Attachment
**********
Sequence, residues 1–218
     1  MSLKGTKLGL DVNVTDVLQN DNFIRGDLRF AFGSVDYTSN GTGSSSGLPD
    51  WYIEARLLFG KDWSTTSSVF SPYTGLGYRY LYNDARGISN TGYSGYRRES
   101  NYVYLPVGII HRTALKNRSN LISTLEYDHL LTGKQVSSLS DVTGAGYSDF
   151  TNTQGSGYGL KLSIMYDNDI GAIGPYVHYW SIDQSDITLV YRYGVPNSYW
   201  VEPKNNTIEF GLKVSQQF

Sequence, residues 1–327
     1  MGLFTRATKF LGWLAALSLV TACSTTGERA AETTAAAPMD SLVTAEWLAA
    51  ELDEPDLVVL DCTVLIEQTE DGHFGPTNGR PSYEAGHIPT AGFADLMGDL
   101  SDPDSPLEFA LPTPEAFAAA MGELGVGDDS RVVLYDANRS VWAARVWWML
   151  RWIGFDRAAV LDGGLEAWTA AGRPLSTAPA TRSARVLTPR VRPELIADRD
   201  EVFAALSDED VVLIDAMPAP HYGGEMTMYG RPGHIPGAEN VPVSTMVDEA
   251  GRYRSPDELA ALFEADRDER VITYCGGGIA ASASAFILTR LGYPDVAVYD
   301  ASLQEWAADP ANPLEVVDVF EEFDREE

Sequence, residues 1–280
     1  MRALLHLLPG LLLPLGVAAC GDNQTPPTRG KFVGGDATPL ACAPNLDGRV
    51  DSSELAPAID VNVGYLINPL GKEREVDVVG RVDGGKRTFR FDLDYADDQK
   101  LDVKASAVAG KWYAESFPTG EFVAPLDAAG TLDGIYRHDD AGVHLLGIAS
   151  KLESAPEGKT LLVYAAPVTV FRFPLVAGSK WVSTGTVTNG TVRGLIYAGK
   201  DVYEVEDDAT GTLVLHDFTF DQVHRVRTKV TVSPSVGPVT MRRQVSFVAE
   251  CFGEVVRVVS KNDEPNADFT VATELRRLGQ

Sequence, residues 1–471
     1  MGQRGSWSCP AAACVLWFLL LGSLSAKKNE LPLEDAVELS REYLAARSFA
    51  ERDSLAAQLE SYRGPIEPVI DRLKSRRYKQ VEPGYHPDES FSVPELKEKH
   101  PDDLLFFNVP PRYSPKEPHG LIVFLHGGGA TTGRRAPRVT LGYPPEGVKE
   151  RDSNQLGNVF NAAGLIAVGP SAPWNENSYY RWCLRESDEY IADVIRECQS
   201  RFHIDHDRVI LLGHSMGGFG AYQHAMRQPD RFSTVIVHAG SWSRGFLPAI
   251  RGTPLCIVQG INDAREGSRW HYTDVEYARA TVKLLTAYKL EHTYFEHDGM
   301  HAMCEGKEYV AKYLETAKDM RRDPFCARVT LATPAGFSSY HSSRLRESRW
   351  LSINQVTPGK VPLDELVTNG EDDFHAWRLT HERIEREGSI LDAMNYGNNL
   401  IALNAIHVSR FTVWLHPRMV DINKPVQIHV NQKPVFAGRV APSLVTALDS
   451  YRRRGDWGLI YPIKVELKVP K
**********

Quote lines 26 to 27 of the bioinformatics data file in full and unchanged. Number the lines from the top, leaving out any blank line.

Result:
   151  RDSNQLGNVF NAAGLIAVGP SAPWNENSYY RWCLRESDEY IADVIRECQS
   201  RFHIDHDRVI LLGHSMGGFG AYQHAMRQPD RFSTVIVHAG SWSRGFLPAI